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January 27, 2011
The Other Pittsburgh Team
Meet Duquesne

by John Gasaway


When you think of the Atlantic 10 conference, you probably think of perennial powers like Xavier or Temple. But did you know that Duquesne was present at the creation in 1976, when the A-10 was founded? (The other original members still in the league are UMass and George Washington.) Or that in 1977 the Dukes won the first-ever A-10 tournament behind future NBA star Norm Nixon?

Then again that's kind of the problem with Duquesne basketball. You have to go back a long, long way to find this program's last taste of success. Other schools cycled through the A-10 on their way to the bright lights of the Big East (Villanova, Pitt, Rutgers) or Big Ten (Penn State), but the Dukes stayed right where they were -- in more ways than one. To this day that A-10 championship in 1977 is also Duquesne's only conference title. The Dukes made the NCAA tournament that year, but they haven't been back since. A thrilling and tantalizing ride to the A-10 championship game in 2009 notwithstanding, DU's been mired in the league's midsection for years.

Until now. Ron Everhart's 14-5 team is 6-0 in A-10 play, tied with Xavier for first place. It's not easy to attract attention when you share your city with the AFC champions and the Big East's first-place team, but Duquesne is starting to turn heads. The Dukes even garnered a vote (singular, as in one vote) in this week's AP poll.

In other words Duquesne's been waiting for this bandwagon for a very long time, but now it's filling up fast. I invite you to hop on. Here's why.

The Dukes aren't just good, they're incredibly entertaining to watch.
If fast-paced hoops are your thing, you're going to love DU. In A-10 play the Dukes are averaging a BYU-like 72 possessions per 40 minutes. Duquesne parlays all of those trips up and down the floor into a ton of steals. A-10 teams facing this defense have committed a turnover on an incredible 29 percent of their possessions. Give a lot of the credit here to DU's T.J. McConnell. The 6-0 freshman sports one of the highest steal rates in the nation, and he's done some of his best pilfering against the Dukes' toughest opponents. Ask Pitt (McConnell recorded five steals in 32 minutes against the Panthers) or West Virginia (five steals, 34 minutes) about the young man sometime.

Just because Everhart's team records a lot of steals doesn't mean they need them.
I know what you're thinking. Plucky underdog program turns up the pressure on D, makes a ton of steals, wins some games. Great. But the first time they face a quality backcourt they'll be helpless. Well, not so fast. The fact that Duquesne forces opponents to commit turnovers doesn't necessarily mean this defense is feast-or-famine. In fact even when the other team does not give the ball away, what I call an "effective" possession, this defense is sound (with one spectacular exception -- see below). Duquesne's conference opponents are averaging just 1.25 points per effective possession. Those opponents are making just 43 percent of their twos and 32 percent of their threes.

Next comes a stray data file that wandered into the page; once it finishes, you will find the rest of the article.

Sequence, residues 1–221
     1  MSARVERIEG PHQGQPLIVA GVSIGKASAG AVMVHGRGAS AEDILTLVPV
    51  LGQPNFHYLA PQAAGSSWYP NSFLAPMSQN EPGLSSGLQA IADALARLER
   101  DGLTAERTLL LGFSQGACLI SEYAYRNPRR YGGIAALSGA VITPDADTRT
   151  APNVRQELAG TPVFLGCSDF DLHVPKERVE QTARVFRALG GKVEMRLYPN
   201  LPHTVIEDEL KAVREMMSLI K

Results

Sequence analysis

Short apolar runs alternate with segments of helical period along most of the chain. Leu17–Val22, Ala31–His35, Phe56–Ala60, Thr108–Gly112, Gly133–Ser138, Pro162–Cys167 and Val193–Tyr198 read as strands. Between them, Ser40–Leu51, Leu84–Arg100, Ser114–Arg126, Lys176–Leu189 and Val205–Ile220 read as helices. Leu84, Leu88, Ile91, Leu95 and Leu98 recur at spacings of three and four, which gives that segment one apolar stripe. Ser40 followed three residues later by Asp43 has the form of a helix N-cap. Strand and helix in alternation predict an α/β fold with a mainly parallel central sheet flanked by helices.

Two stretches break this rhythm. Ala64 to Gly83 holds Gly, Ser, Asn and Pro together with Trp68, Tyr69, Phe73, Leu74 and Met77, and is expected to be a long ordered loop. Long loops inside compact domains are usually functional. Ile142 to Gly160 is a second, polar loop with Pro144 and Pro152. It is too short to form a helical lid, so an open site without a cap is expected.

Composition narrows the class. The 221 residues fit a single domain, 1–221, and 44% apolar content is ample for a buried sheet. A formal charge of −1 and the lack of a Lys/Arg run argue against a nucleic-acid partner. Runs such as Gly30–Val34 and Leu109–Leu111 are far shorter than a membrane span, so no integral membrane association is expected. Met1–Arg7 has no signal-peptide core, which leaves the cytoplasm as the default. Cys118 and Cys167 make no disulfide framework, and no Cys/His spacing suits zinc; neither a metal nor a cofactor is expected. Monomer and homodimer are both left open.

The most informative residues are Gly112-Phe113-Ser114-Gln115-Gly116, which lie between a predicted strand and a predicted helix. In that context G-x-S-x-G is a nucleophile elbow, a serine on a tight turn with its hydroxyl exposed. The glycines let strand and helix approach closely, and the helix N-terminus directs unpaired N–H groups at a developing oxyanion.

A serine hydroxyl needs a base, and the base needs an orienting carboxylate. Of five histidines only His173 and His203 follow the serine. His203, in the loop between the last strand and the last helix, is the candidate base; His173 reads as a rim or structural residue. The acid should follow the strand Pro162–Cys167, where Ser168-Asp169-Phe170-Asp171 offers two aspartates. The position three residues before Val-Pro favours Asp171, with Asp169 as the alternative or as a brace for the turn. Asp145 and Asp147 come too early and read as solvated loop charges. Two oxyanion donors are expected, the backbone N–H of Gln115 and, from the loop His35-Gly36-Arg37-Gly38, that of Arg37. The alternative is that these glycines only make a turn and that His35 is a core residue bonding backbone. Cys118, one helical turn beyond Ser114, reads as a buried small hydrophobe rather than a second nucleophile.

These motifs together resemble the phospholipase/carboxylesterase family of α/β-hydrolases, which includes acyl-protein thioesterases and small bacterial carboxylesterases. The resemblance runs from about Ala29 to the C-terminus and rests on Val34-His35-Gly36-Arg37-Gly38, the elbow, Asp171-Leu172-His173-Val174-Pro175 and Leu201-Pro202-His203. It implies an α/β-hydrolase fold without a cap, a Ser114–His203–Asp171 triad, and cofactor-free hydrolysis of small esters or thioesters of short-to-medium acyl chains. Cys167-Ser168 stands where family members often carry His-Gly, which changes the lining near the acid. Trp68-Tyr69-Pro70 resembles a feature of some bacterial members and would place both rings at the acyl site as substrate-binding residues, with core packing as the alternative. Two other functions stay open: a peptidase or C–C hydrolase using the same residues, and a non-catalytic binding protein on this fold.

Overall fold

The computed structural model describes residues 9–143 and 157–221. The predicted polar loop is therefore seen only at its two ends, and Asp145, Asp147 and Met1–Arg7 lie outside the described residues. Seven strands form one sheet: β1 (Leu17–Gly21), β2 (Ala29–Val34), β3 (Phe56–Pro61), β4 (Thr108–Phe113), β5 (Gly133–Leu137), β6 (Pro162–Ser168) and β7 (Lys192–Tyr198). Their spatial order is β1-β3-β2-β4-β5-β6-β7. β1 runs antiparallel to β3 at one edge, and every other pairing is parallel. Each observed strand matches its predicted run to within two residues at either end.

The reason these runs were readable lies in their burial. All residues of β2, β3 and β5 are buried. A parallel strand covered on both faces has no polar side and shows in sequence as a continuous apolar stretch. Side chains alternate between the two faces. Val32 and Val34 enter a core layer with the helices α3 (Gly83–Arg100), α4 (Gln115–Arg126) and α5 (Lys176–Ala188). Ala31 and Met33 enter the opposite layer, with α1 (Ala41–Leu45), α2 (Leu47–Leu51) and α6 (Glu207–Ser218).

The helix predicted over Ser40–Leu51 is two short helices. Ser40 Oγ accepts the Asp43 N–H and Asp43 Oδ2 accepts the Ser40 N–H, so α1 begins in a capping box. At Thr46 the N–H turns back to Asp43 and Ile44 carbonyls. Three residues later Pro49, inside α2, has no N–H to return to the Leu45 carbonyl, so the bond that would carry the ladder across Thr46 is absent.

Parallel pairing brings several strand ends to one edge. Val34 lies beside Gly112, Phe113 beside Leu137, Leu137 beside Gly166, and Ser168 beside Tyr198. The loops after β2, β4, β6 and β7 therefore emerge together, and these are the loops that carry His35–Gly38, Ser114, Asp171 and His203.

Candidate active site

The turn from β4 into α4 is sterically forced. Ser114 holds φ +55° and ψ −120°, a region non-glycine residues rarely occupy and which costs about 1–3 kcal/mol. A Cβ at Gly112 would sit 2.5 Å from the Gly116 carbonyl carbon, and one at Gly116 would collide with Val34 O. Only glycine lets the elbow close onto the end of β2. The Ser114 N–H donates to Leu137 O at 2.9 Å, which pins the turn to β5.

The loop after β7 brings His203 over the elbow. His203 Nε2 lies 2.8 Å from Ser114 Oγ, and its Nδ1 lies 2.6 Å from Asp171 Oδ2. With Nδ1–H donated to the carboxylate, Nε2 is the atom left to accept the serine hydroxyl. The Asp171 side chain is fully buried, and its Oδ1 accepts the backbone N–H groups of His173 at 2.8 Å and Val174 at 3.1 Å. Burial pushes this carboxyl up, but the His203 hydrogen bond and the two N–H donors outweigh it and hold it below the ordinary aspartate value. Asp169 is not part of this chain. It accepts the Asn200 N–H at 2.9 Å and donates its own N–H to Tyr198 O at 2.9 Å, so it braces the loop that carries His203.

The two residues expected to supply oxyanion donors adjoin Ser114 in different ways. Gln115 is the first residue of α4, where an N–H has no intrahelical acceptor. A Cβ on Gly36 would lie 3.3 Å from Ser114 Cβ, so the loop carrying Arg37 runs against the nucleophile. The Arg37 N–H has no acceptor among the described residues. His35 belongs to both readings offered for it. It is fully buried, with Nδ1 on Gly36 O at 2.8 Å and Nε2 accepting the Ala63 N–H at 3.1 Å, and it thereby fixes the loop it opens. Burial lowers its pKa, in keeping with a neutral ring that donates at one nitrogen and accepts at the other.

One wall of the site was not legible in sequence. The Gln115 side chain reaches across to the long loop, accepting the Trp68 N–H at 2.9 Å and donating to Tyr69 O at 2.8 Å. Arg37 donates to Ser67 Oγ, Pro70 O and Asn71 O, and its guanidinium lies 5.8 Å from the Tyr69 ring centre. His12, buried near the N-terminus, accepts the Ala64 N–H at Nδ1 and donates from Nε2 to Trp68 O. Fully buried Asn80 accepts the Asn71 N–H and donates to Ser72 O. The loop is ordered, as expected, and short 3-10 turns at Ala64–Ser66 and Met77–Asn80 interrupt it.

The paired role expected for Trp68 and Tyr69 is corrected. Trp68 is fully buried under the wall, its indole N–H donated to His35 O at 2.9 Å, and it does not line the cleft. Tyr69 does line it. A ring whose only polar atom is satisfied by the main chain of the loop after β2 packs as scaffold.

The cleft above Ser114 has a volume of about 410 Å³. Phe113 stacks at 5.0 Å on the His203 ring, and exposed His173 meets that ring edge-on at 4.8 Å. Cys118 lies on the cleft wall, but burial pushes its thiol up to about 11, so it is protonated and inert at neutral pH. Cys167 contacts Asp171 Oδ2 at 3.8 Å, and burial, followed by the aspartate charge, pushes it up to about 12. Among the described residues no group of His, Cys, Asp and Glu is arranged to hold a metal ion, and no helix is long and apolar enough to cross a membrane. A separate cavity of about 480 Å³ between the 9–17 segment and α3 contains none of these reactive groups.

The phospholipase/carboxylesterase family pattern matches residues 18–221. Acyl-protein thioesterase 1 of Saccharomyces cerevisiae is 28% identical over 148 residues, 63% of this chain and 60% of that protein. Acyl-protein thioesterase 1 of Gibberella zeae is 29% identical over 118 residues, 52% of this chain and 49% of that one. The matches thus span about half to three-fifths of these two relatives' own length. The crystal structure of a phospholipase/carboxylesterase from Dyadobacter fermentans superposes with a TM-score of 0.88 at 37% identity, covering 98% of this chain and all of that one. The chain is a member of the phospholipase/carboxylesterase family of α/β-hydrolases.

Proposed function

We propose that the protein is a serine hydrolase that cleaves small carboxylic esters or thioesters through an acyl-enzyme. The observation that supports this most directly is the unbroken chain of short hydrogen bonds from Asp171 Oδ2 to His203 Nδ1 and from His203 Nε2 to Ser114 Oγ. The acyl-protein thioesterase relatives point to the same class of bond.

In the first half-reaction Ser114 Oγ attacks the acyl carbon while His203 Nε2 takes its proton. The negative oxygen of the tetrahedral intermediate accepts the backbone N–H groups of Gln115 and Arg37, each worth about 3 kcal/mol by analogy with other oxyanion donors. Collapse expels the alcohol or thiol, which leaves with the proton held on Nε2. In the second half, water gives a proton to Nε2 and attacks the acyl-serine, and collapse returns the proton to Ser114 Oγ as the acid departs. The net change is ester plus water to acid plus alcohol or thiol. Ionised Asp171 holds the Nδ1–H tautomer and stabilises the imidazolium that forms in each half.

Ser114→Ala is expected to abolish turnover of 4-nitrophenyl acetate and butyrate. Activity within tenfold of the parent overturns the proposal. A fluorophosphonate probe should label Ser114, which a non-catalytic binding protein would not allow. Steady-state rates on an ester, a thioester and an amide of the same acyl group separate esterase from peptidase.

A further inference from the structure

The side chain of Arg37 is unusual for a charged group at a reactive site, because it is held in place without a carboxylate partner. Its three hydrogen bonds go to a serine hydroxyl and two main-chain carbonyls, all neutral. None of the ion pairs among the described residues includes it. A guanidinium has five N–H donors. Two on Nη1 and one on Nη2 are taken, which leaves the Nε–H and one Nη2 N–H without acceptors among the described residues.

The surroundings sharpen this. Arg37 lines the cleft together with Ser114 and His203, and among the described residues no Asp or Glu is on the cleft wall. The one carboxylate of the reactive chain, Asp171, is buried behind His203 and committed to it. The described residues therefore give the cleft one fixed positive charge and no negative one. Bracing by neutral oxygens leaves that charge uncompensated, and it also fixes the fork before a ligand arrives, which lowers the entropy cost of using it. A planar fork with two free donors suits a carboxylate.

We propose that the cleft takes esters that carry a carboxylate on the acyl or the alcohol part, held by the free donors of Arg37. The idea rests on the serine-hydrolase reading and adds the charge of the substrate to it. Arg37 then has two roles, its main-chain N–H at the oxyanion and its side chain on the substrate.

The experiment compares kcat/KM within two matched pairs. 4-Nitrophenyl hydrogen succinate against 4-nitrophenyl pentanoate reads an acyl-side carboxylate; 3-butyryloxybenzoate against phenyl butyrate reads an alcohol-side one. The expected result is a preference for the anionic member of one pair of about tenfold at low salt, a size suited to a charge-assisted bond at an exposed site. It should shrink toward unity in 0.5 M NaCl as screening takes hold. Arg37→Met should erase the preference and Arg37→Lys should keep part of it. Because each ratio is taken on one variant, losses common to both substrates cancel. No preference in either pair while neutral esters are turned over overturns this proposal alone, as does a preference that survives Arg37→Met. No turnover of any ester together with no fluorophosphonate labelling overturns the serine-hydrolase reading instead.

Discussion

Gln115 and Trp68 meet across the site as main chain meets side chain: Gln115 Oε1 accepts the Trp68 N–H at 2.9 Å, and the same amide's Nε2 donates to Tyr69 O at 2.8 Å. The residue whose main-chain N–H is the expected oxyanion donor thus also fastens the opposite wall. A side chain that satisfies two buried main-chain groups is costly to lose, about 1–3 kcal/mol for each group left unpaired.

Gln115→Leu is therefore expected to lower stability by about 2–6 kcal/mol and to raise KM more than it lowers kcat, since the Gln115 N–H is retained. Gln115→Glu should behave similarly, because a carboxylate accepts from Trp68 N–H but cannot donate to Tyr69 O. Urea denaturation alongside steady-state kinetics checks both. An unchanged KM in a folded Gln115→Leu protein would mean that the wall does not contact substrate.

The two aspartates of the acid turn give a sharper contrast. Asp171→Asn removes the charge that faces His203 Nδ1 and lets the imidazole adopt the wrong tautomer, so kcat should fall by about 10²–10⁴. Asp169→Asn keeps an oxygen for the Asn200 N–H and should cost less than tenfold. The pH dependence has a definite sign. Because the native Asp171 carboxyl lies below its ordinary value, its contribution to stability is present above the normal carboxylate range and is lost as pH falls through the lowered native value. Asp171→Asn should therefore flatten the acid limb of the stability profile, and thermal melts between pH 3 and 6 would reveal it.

Duquesne reminds me of Duke's national championship team. Seriously.
I'm always intrigued by teams that manage to win games even though they're demonstrably terrible at one particular facet of the sport. For the Duke Blue Devils last year, that facet was two-point shooting. You might think that's a rather important part of the game, and ordinarily you'd be right. But somehow Mike Krzyzewski's team was able to win a national title in spite of the fact that they were merely the eighth-best two-point shooting team in the ACC. By the same token Duquesne is winning games despite the fact that they're terrible at defensive rebounding. And I do mean "terrible." In A-10 play the energetic but undersized Dukes have rebounded just 62 percent of their opponents' misses. This defense relies on steals and FG defense, period.

Bill Clark's having a sensational year.
The 6-5 senior from Redono Beach, CA, has been a reliable source of points inside the arc for a while, but this year he's added perimeter accuracy to the mix. When you make 61 percent of your twos and 40 percent of your threes, you definitely qualify as the proverbial "tough match-up." In the Dukes' 78-66 win at home over Temple on January 15, Clark needed just nine shots from the field to record 22 points. Much like the team he plays for, Clark is under-hyped and overdue for a true appreciation.

The Dukes need your support.
If Duquesne doesn't win the A-10 tournament, their fate will rest in the hands of the NCAA tournament selection committee. And regardless of current performance, the committee's inclination will be to think "Xavier" and "Temple" when it thinks "A-10." Not to mention when the Dukes' "profile" is discussed in that conference room in March (assuming DU even comes to the committee's attention), two devastating and cruel words are certain to be uttered: Robert Morris. No, not the really good Robert Morris team you remember from last year, the one that scared the daylights out of Villanova in the first round of the NCAA tournament. We are speaking here instead of a team that is currently 10-9, one with losses to St. Francis (NY) and Morgan State. This year's Robert Morris team beat Duquesne 69-63 on November 19.

So, yes, the Dukes have an excellent opportunity to end their 34-year tournament drought, but they're not there yet. There's work to be done. No one will simply hand them an NCAA bid. If Duquesne gets one it will rank as far and away their best steal.

A version of this article originally appeared at ESPN Insider Insider.

John Gasaway is an author of Basketball Prospectus. You can contact John by clicking here or click here to see John's other articles.

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